But instead, I'm going to write about some of the disturbing (jaw-dropping, rage-inducing) trends, applications, and practices I've stumbled across in the past little while during my web wanderings.
First On the Docket→ EnemyGraph*
For those of you who don't know about this god-awful new Facebook application, let me fill you in. EnemyGraph is the brainchild (demon spawn?) of a University of Texas at Dallas professor and his two students. For some time now there has been a public cry for a 'dislike' button on Facebook, and since such a button isn't forthcoming, these geniuses** decided to come up with this app that allows FB users to make enemies of everyone/thing from 'friends', to celebrities, to fast-food franchises. As of yesterday, Trending Enemies included: Justin Bieber, Sarah Palin, FarmVille, and Jesus Christ, among others. But it doesn't stop there. Users can make enemies of people in their friend list as well. Why, you may ask, would someone do that to one of their friends? Well, we all know—especially in high school—how a person can be a best friend one day and get relegated to mortal enemy the next.
As if this labelling isn't bad enough, EnemyGraph allows people to band together around common 'enemies'. Denise Restauri, contributor to Forbes online, sums up the inevitable damage from this:
"Here's the harmful reality: EnemyGraph gives bullies and people with a sick sense of humor a great way to bully and attack. It's another example of 'Absolutely nothing good can come of this.'" —Forbes.com (April 3, 2012)She couldn't be more right. Cyberbullying is a very real and disturbing problem in this day and age. Why empower these bullies with a tool that makes bullying easier? Shame on everyone involved.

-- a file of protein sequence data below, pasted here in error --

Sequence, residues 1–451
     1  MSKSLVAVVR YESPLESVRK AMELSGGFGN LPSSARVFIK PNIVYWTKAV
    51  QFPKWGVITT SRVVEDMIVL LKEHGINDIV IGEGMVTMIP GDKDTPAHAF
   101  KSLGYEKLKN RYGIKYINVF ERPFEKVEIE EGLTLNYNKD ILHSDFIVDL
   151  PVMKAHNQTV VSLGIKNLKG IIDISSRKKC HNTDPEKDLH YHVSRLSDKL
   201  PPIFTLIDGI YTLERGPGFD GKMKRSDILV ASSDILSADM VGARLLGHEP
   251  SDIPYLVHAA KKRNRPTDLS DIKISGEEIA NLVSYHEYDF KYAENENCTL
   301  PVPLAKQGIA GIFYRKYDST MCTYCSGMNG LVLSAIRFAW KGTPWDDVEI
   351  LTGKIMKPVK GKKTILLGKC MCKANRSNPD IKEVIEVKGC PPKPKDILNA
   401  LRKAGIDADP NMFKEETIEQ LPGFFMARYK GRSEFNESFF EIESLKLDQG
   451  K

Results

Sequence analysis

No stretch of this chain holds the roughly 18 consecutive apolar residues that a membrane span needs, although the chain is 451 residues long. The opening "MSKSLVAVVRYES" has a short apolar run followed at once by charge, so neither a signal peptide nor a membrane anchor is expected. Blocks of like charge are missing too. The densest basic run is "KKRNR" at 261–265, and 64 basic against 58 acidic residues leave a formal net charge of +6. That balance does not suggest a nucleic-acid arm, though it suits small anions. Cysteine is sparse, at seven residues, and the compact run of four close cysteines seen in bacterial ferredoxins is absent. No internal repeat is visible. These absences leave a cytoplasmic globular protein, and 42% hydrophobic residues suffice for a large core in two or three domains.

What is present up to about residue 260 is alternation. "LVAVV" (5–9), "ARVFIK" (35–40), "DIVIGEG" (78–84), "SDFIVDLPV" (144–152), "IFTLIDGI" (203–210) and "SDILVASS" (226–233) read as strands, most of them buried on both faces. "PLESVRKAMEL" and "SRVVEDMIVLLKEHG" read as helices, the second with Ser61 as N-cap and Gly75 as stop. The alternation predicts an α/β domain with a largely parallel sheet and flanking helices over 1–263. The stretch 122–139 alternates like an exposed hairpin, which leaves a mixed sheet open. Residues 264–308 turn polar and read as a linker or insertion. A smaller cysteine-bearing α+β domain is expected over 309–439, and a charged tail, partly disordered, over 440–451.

Next On the Docket→ Am I Pretty or Ugly? (on YouTube)
Disclaimer: I'm including this video as a means of informing, not of perpetuating this awful trend.
As I understand it, this heart-wrenching trend started cropping up on YouTube as a way for young girls (not sure about boys) to gather public opinion on whether they are pretty or ugly. These often beautiful girls have taken their self-esteem issues to the web. To echo the Forbes article's verdict of EnemyGraph, nothing good can come from this. Online predators, bullies, and people just looking to be perverted or hateful flock to these kinds of things. It begs the question: Where are her parents?! It's a toss-up which is more disturbing: that this video has more than 5 million views (I guess I'm adding to that, sadly), or some of the things viewers wrote in the comments section just below it.
A heartfelt response to these Am I Pretty? videos→ More people need to speak out about this:
From the time the internet hatched we've been warned about the potential dangers to be found there. We all know what these are. But then I see things like EnemyGraph and the Am I Pretty? videos, and I know that the problems are just mutating, multiplying, and finding new and insidious ways to harm people. What can we do to stop this? I honestly don't know. But I think we can all agree that the best way to protect people from these dangers is to spread the word that this is not okay.
* Seeing this was what finally gave me the nudge I needed to delete my Facebook account (already wanted to do it). It sickens me that the "servers are struggling" with the high demand for this app.
** Note sarcasm.